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Thread: Bacteriophages

  1. #1 Bacteriophages 
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    Are bacteriophages harmful to humans?

    and

    What causes a virus to leave the lysogenic phase and go into the lytic phase?


    Whence comes this logic: no evidence = false?

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  3. #2  
    Moderator Moderator AlexP's Avatar
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    I won't guarantee that I'm 100% correct on this, but I'm going to say that bacteriophages are not a danger to humans. I believe viruses recognize specific carbohydrates or whatever on the surface of cells, and these would be found on bacteria, but not on human cells, so the virus wouldn't get the 'ok' to attack the cell.

    As for the second one, what makes a provirus to leave the lysogenic phase and enter the lytic phase is simply some type of stimulus: external stress of some sort, chemical stimulus, whatever. Could be a number of things, but basically it's just some event that triggers it.

    (finally, something that I actually know something about!)


    "There is a kind of lazy pleasure in useless and out-of-the-way erudition." -Jorge Luis Borges
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  4. #3  
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    Simply by definition, no they are not!
    A bacteriophage is a virus that infects bacteria.

    The answer is a complex gene expression shift.
    It is really quite neat.

    For example:
    Lambda (a bacteriophage that infects E. coli) will want to transition from lysogenic to lytic cycle if the bacteria is under stress and is about to die.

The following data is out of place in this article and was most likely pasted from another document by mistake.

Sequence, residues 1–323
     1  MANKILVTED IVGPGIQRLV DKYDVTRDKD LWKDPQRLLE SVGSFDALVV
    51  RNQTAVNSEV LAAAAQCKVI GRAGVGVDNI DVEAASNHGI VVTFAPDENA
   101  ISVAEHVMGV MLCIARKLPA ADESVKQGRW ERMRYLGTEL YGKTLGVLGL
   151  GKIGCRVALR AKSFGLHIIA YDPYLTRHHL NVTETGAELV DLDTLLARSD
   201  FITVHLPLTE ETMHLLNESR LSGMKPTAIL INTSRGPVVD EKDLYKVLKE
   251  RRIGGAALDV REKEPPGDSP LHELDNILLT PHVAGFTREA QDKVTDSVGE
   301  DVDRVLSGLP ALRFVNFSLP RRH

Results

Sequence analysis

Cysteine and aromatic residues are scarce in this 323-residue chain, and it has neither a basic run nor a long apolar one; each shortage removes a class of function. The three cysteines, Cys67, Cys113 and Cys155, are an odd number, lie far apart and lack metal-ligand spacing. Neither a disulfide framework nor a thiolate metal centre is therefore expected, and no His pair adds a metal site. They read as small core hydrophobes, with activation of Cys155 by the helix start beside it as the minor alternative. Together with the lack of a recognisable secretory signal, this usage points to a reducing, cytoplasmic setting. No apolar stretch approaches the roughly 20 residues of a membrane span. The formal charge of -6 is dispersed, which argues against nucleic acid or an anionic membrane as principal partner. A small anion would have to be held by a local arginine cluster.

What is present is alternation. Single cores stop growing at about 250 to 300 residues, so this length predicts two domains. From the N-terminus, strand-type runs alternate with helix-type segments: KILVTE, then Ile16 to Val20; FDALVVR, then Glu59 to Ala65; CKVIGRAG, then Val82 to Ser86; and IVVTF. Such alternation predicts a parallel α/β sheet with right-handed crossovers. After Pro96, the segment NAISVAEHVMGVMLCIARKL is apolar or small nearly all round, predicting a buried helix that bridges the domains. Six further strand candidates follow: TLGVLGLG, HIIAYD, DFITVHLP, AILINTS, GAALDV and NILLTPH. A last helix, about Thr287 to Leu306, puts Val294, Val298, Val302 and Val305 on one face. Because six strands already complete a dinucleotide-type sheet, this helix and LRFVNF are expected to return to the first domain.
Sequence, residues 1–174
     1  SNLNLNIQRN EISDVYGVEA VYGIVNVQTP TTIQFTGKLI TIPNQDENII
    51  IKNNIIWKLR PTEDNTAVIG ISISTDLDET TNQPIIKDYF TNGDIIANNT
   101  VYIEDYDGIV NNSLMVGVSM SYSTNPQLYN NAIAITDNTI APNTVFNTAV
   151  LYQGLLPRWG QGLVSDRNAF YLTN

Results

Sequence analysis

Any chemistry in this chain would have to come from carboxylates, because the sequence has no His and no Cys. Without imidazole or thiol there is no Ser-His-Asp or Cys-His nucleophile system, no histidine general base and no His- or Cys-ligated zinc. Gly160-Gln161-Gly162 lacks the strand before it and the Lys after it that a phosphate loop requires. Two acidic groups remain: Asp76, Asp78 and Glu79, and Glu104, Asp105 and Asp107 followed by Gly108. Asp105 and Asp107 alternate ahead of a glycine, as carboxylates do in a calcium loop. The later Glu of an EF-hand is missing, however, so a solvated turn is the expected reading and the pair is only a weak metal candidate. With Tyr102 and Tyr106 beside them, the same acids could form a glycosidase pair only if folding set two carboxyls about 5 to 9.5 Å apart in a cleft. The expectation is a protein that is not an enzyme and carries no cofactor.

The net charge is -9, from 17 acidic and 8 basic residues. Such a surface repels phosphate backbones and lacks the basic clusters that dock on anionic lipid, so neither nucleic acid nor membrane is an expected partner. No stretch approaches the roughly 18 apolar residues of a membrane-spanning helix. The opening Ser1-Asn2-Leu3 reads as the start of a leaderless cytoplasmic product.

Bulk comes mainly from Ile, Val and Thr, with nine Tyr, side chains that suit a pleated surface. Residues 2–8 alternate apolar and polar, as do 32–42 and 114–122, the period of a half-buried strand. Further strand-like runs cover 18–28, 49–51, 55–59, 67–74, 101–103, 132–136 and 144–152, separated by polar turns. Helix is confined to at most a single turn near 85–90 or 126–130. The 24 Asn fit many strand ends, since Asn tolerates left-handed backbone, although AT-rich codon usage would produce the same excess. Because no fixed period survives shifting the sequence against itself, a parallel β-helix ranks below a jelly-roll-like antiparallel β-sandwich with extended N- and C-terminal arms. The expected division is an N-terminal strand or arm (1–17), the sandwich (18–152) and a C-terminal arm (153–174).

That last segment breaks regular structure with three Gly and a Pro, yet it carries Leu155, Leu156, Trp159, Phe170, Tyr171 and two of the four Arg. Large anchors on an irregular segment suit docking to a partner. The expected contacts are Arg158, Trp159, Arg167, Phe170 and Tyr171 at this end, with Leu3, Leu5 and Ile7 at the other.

So lamba has a repressor that is cleaved by RecA* ....

    RecA is a protein that binds ssDNA. ssDNA is present in the bacteria in high amounts in times of stress ... RecA* is the resulting nucleoprotein filament.

    So the lamba repressor will be cleaved when the cell is under stress and then the transition to a lytic cycle can occur!
    It is not so much that I have confidence in scientists being right, but that I have so much in nonscientists being wrong. --- Isaac Asimov
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  5. #4  
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    Bacteriophages are indeed not harmful to humans, thats the beauty of 'em.
    I just finished my Bachelor-'thesis' on bacteriophage biocontrol. It's bizarre that it's not commonly used yet, because it has a lot of advantages over antibiotics being used today. But I think Omnilytics Inc. has just brought a product on the market, Agriphage, to combat bacterial spot and bacterial speck in tomatos and peppers. Only, if you go ask John Doe on the street if it's ok to desinfect his food with a 'virus', what would he say you reckon?
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  6. #5  
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    Was it not tried in Russia and then abandoned totally for some reason? Why?
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  7. #6  
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    Indeed, bacteriophage research was promising in the 1920's, but due to irreproducable experiments, and even more so the discovery of antibiotics, the research was abandoned. Except for the Eastern European countries, where due to lack of resources antibiotics wasn't really abundant. If I remember correctly, bacteriophages were sometimes used succesfully, e.g. for treating infections of wounded soldiers, but I think sometimes it went wrong, and people lost faith in the bacteriophage-therapy. Maybe when the Eastern European countries had access to antibiotics, there wasn't any need for bacteriophages any more. It's not untill recently, with the upcoming of multiresistent pathogens, that a 'substitute' for antibiotics is needed. But the complex interactions between the phages and their hosts have still to be researched. I reckon thats what went wrong in the Eastern European countries. The lack of knowledge regarding the interactions between phages, pathogens, humans and beneficial bacteria resulted in failure sometimes, and people lost faith.
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